Wireless security management extends beyond the initial candidate selection process, and accordingly NIST makes several other recommendations to take into consideration when deploying and maintaining wireless industrial control systems, including:

  • Network Segregation: Splitting industrial networks into zones and conduits and separating the industrial network from the enterprise office network as specified by the standard for ICS Security, IEC 62443. For example, appropriate network segregation can limit the amount of damage caused by a security incident by preventing the spread of malware to other zones.
  • Physical Security: Physical security should be implemented to protect wireless access points, gateways, and devices. Unsecured devices in insecure locations can be tampered with, impacting the availability and integrity of wireless resources.
  • Default Passwords and Keys: Default passwords and keys should not be used once the system is installed. It should always be assumed that a malicious actor will gain access to even properly segregated networks, and a wireless controller using a default login password will be an easy target. Similarly, network encryption keys and secrets should be changed to prevent an attacker from eavesdropping on wireless communications.
  • Network and Spectrum Monitoring: Wherever possible, logging and monitoring of wireless communications should be performed to detect anomalous activity patterns. For example, deploying a wireless spectrum analyser can provide alerting when there is excessive interference on the in-use channels which could indicate malicious signal jamming or other destructive interference. Additionally, configuring logging on wireless gateways can provide valuable information in the event of a security incident or other wireless service disruption.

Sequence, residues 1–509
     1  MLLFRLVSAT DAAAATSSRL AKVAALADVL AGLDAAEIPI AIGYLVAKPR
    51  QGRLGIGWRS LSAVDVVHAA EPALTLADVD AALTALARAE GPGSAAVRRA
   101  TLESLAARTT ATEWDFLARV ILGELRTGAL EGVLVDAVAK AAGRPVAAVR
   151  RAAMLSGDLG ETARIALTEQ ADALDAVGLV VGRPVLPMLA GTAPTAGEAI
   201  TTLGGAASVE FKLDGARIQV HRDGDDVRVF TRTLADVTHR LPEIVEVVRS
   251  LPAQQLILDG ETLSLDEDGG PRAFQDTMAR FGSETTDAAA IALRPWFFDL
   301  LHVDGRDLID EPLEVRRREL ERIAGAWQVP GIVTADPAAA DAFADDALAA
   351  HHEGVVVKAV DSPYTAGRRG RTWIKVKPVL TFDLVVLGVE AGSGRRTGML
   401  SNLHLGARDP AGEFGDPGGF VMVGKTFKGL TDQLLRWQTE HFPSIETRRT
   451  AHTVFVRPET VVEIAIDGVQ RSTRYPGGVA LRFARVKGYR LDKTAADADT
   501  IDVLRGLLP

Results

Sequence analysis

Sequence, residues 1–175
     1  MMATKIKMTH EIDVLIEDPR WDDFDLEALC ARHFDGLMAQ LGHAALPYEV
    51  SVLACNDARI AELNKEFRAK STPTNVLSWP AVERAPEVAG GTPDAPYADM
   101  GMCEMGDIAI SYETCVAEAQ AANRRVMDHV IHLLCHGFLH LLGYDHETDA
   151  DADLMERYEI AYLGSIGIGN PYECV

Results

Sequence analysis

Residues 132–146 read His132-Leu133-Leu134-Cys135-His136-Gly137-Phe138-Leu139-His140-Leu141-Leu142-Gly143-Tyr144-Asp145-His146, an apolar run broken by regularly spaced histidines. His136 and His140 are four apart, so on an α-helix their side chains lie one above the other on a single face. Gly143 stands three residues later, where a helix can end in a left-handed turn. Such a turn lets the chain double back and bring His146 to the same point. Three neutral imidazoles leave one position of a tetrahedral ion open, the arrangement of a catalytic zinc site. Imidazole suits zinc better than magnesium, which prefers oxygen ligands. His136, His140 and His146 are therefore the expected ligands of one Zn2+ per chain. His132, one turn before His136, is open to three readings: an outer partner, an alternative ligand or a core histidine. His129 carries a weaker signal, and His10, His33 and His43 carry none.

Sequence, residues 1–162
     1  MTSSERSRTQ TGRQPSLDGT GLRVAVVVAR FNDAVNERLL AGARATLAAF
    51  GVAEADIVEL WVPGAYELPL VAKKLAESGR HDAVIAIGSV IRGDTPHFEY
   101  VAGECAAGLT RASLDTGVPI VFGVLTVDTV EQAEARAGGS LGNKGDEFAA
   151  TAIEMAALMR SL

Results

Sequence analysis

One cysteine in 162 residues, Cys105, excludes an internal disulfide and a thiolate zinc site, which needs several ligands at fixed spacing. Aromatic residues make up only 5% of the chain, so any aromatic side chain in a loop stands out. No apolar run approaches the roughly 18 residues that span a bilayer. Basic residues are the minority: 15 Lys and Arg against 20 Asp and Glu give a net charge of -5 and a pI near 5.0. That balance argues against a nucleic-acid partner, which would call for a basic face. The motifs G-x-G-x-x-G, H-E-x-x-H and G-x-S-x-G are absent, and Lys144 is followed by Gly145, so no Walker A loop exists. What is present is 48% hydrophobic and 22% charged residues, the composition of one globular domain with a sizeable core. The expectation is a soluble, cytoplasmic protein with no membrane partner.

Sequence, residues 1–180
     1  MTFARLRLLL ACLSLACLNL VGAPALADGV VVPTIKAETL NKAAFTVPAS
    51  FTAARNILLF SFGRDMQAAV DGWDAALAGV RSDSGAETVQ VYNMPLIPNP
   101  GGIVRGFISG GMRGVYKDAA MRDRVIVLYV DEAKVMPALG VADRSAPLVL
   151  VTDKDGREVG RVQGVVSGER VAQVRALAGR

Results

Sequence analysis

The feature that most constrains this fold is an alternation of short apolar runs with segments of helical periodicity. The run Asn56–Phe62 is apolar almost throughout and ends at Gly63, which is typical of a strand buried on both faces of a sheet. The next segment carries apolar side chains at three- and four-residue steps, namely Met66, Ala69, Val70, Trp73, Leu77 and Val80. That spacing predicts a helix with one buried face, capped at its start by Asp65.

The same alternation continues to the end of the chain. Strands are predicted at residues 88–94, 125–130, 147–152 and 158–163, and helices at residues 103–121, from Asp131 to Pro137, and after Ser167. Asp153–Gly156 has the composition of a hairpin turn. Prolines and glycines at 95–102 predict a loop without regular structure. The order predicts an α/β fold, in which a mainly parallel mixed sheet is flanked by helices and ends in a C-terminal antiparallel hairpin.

In addition to the NIST recommendations, Applied Risk also recommends the following measures to improve security:

  • Limit Implementation to Non-Safety Devices: While industrial wireless protocols can provide reliable communications, they can still be susceptible to interference and as such Applied Risk recommends using only wired technology for safety systems. While extremely rare, even a minute risk of radio interference impacting a safety system is unacceptable to most organizations.
  • Device Testing: Prior to deploying a wireless solution, the devices to be installed should undergo Security Factory Acceptance Testing. This process provides an in-depth assessment of the device hardware and configurations to validate that security requirements have been met prior to deployment.

Wireless technology is a complex subject requiring extensive knowledge to fully understanding the technical challenges involved with system selection, deployment, and security. With the increased adoption of new wireless protocols such as LoRaWAN, Zigbee, ISA100, and WirelessHART, in-depth investigation is needed to understand the advantages and disadvantages of available solutions. The NIST Guide to Industrial Wireless Systems Deployments provides best practice guidelines that organisations can use when working with their technology suppliers to make confident decisions in selecting and deploying the right wireless technologies.

Applied Risk provides organisations with expert industrial wireless security consulting and assessments, including network architecture consulting, physical security assessments, and industrial wireless penetration testing to ensure secure operation of industrial wireless systems. Click here to learn more.